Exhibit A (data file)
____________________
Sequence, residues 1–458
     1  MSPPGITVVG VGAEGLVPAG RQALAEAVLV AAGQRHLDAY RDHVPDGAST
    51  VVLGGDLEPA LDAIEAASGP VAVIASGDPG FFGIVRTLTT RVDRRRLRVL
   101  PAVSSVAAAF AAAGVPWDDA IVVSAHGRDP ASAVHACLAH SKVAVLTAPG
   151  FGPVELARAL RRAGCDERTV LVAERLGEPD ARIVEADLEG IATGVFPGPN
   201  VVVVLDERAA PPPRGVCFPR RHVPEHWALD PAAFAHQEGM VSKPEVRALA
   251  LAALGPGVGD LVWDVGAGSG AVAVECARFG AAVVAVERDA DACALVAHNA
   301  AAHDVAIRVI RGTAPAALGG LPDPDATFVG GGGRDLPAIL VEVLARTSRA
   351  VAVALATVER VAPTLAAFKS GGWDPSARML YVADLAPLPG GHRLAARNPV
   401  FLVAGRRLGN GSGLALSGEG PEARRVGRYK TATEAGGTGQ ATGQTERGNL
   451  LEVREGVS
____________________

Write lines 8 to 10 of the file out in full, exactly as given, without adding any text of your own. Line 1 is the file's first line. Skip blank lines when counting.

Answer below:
   301  AAHDVAIRVI RGTAPAALGG LPDPDATFVG GGGRDLPAIL VEVLARTSRA
   351  VAVALATVER VAPTLAAFKS GGWDPSARML YVADLAPLPG GHRLAARNPV
   401  FLVAGRRLGN GSGLALSGEG PEARRVGRYK TATEAGGTGQ ATGQTERGNL